posted by Circus15 (ALTAMONTE SPRINGS, FL) Dec 3, 2010
Member since Jan 2010
The latest installment to the Castlevania series is alright. Lords of Shadow got one part from the previous games right and that would be including the Belmont's back into the series. We take control of a new Belmont named Gaberial who is a member of a religious order bent on protecting the world from evil. His cross happens to be his whip and you can to get different upgrades for your cross to do special tasks. You are also given the ability to control two different kinds of magic: light and dark magic. The other that is nice is the narration from Patrick Stewart. The thing I didn't like were all the boss battles and puzzle solving. I had to set the game on the easiest setting and still took five tries just to beat the boss battles. I absolutely hate the RPG elements in this game. I have to beat every baddie I come across just to get enough experience in order to unlock special attacks. Even after unlocking them I still can't use them properly. Anyway, Lords of Shadow is a good edition, but still not as good as the old Castlevania from the NES game system.
this game was tight the reflexes were amazing but as i went through the game i was hoping that he would be able to choose a side like choose lycan or vampire i think it would have made the game better like get bitten by the lycan leader then kill him and take his power and his army. it will be more fun if there were games like the movie underworld around go wolves!.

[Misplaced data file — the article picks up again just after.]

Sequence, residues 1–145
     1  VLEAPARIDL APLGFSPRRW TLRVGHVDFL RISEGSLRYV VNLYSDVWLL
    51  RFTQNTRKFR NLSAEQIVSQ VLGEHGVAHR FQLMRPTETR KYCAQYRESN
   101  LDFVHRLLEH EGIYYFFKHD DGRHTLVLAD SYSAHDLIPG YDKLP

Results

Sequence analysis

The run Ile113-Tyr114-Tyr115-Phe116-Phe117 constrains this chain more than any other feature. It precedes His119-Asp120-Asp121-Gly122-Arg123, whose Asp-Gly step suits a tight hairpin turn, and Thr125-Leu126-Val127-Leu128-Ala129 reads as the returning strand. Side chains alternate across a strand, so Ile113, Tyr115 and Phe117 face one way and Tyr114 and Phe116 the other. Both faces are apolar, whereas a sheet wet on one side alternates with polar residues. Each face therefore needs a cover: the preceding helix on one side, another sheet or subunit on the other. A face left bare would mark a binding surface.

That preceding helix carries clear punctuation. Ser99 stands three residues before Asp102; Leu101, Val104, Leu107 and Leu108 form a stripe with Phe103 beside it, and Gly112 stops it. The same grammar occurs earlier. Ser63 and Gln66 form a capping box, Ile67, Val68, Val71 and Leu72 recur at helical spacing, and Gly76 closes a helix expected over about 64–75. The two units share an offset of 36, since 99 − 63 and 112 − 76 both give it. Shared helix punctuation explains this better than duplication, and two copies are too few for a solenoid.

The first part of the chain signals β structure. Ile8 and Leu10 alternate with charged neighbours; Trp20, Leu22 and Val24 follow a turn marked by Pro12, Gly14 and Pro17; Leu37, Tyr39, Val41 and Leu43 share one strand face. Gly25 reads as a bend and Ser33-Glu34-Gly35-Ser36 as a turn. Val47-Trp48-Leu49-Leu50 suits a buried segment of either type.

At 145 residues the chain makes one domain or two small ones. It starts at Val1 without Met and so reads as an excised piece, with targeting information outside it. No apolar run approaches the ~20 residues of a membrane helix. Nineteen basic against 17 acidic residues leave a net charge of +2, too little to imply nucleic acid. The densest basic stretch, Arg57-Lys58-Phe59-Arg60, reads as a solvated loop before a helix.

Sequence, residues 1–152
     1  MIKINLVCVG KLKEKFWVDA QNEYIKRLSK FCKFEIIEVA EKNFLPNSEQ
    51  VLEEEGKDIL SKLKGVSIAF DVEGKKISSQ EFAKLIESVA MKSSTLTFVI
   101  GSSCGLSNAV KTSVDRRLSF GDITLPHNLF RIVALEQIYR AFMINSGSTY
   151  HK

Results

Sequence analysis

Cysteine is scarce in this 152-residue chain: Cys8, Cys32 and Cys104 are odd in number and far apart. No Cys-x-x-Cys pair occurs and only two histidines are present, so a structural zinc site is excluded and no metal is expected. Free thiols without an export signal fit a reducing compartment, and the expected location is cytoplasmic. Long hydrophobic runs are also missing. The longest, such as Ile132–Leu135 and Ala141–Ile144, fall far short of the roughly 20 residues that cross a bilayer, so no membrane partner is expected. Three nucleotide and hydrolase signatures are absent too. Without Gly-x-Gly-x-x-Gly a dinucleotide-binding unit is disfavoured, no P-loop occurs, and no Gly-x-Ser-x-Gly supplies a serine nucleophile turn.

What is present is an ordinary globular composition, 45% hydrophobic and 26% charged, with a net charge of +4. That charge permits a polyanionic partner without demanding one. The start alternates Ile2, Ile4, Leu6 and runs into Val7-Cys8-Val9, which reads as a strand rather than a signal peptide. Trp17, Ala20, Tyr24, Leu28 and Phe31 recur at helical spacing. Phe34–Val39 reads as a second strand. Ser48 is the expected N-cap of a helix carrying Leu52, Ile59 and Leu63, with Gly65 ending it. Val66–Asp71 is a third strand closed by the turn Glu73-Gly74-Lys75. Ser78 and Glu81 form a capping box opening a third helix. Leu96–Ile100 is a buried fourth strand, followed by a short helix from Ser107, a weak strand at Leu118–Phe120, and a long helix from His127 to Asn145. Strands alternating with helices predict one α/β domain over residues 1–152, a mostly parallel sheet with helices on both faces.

Everyone knows that 3D and Castlevania are two things that never seem to work together. Every time before a new one is released, we are told that they got it right this time; this will be the good one. And for once, it’s actually true. This is probably the best 3D Castlevania game ever. That may be considered a backhanded compliment at this point, though.
But Lords of Shadow gets a lot right – mostly through imitation. It follows the standard formula used in almost every action game of this era: simple 3D beatemup combat, cinematic platforming, and plenty of key and switch puzzles. Some of the ideas are lifted directly from its contemporaries, like the beam-balancing sections from God of War and the light and dark magics from Dante’s Inferno.
Most of those elements are handled well, and the story is interesting despite the flowery and excessive dialog. The story is narrated by Captain Picard, who occasionally escorts you as an ally. You are also sometimes helped by a horse that talks like a Dracula. But there are some rough spots. The camera is a mess, and it often zooms out until you are a mere handful of pixels or shifts suddenly and locks your movement to a direction that is no longer in relation to the camera angle. It is sometimes too picky about where switches are activated, and the control mapping is messy and sometimes confusing because it relies on too many shift keys and context-sensitive actions.
There’s little here to remind you of any previous Castlevania games. The music, art style, and tone of the game are completely different. It has to be said that this is a long game, and I feel certain that it took me at least twelve hours to complete its twelve chapters. Whether or not you enjoy those hours will not be determined by how much of a Castlevania fan you are, but rather how much you enjoy this type of action game.